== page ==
In this article, we will cover four steps to make a good buy and sell decision in Forex and Stock trading using the technical analysis. We will explain you how to use the chart pattern analysis to profit in four steps.
Patterns are the great way to trade for Forex and Stock market because it provides you the near mechanical signal. At the same time, how the patterns are generated is transparent and scientific. Most importantly, good patterns allow you to reproduce your profits. Many people are scared to use black box system like trading robots or expert advisors because they do not understand what is going on inside their algorithm. In this aspect, you can trade with patterns with full confident because you trade with what you see. On top of that, these price patterns are the fastest indicator for turning point detection. No other indicator can provide us the hint of turning point like these patterns. Other trend indicator and oscillators are not designed to pick turning point. Hence, they provide signal always behind these patterns past the turning point. Hence, it is good to use these price patterns as primary tool and to use other technical indicator for secondary tool. That way you can connect the turning point with momentum, which is the next phase of trend after birth of new trend.
Another advantage is that patterns are easy to be combined together with other type of analysis whether they are fundamental or technical. Trading performance will be improved when you add secondary confirmation in your trading decision. In your choice of secondary confirmation, you can use both technical and fundamental techniques. Both technical and fundamental analyses have their own pros and cons. Here we provide a brief overview on technical indicators and fundamental analysis as secondary confirmation.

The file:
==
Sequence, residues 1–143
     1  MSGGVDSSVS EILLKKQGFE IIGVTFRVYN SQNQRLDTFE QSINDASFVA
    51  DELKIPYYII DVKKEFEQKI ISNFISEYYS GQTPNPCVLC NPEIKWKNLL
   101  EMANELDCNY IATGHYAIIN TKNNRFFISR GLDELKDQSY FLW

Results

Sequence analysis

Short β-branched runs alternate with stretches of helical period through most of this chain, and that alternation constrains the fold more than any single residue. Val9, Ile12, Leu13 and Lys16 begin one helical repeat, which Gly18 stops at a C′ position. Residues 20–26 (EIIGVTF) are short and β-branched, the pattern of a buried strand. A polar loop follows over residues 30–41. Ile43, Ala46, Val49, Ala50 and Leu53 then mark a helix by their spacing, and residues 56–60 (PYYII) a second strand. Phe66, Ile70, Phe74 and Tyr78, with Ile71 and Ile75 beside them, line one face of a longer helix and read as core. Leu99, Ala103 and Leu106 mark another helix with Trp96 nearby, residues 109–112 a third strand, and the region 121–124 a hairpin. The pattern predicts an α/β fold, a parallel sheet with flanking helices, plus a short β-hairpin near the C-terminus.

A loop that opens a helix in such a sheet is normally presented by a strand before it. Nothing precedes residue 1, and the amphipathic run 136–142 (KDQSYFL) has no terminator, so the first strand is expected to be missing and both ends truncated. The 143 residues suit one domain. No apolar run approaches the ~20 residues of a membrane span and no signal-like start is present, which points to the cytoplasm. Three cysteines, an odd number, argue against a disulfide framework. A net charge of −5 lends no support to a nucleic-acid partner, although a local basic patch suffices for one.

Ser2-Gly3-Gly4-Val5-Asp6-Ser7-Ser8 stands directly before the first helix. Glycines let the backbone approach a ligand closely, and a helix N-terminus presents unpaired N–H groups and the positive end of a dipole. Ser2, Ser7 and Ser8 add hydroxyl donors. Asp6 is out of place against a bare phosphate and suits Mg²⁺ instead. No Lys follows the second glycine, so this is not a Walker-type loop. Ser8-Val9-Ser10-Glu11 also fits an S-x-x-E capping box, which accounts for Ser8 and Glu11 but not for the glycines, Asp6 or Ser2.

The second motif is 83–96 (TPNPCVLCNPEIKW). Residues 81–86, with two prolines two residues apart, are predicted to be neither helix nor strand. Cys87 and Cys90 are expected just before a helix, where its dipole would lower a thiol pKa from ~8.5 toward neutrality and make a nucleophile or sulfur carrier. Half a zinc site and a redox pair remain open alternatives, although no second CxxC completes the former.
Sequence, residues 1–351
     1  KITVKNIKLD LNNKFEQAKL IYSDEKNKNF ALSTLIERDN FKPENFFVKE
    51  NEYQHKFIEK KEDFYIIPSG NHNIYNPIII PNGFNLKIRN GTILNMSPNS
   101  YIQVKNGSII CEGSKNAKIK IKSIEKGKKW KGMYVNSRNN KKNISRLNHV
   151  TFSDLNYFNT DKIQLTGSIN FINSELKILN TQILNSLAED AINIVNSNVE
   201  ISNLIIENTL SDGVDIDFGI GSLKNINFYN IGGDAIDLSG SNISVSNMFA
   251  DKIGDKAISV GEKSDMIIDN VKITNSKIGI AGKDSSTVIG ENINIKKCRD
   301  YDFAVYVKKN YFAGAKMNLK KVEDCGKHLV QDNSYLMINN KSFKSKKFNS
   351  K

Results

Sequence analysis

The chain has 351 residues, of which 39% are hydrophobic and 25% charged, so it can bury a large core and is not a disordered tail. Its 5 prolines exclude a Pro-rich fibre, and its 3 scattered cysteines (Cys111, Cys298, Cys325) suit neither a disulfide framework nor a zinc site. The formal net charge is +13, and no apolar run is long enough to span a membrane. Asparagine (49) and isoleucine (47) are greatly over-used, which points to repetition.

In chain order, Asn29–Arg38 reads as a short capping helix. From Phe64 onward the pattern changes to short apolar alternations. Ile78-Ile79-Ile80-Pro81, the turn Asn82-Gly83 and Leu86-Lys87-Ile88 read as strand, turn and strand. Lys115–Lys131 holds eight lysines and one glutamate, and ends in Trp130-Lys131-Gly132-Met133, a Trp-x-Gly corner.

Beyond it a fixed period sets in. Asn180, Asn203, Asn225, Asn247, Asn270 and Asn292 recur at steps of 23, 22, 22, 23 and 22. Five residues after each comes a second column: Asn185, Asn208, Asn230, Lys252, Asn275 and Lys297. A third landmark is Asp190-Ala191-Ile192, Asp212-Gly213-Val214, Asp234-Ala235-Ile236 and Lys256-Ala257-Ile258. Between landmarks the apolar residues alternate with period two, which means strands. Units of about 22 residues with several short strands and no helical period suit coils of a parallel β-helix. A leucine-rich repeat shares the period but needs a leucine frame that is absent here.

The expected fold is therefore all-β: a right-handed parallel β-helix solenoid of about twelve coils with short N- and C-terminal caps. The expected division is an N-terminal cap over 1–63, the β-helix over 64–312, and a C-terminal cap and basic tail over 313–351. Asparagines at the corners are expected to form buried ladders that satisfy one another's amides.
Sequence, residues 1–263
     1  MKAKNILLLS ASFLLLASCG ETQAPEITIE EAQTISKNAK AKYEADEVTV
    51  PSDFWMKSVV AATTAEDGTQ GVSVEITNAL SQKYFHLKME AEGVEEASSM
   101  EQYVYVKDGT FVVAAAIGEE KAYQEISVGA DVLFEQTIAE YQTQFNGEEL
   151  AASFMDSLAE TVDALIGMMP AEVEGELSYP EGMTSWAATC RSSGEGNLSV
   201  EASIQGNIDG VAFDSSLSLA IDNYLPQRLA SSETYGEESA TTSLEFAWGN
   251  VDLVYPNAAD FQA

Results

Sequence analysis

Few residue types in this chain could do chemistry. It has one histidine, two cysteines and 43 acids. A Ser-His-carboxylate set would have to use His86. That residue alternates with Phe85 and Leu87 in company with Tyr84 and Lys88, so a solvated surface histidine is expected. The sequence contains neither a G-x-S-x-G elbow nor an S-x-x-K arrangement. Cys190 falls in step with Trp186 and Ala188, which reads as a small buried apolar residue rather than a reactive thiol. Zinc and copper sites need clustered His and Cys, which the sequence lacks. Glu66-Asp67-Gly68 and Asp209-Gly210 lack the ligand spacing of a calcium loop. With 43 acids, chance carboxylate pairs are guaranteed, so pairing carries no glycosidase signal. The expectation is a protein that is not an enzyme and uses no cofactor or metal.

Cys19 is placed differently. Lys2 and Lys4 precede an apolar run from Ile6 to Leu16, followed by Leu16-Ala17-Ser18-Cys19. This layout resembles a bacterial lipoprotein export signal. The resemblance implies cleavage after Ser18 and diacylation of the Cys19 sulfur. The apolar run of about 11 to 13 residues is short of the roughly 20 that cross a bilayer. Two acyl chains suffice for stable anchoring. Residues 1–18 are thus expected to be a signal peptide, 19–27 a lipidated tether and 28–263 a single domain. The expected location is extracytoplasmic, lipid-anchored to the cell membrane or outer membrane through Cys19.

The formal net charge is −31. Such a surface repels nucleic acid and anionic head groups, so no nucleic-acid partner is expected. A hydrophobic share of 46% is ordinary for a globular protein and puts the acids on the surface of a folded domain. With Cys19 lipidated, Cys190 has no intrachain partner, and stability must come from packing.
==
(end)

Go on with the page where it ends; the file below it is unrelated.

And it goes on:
Technical indicators are the simplest form of secondary confirmation. Nowadays, most of trading or analytical platform will provide over hundreds of technical indicators. Hence, you have many choices. However, most of time, we will be using few of these only because some of them are similar and redundant. We provide some basic secondary confirmation techniques here to get going with your trading. These are mostly the basic options for your choice. The listed secondary confirmation techniques here never meant to be exhausted list. You can always use more advanced technical indicator in a ways that is more creative.
Oscillator Indicators that technically identify overbought and oversold area can be useful secondary confirmation. For example, Relative Strength Index (RSI) and Commodity Channel Index (CCI) are the popular tools of many traders. You could apply overbought conditions of these indicators together with bearish pattern.
You can also apply oversold condition with bullish pattern.
In addition to Oscillators, Bollinger Bands can be also used together as the basic secondary confirmation. You can use Bollinger bands to identify the possible overbought and oversold area to predict the turning point with the patterns.
Sometimes the overbought and oversold confirmation of technical indicators including the oscillators and Bollinger bands can lag behind the patterns. For example, you can have the buy signal from the patterns but the technical indicators may not reached the oversold condition yet. This often happens because averaging algorithm inside the technical indicator makes them less responsive on some of the price movement. Therefore, we do recommend using technical indicators with some caution.
Support and Resistance can be another good source of secondary confirmation techniques. You can use both geometric and numerical support and resistance techniques for the purpose. Geometric support and resistance are those created by connecting peaks and troughs in chart. Numerical support and resistance techniques are those levels calculated by numerical calculations like round number levels and pivot levels, etc. Since support and resistance do not use any averaging algorithm, we do not have to concern about the lagging problem. Bearish patterns appears around the important resistance level have good success rate. Likewise, bullish patterns appears around the important support level have good success rate too.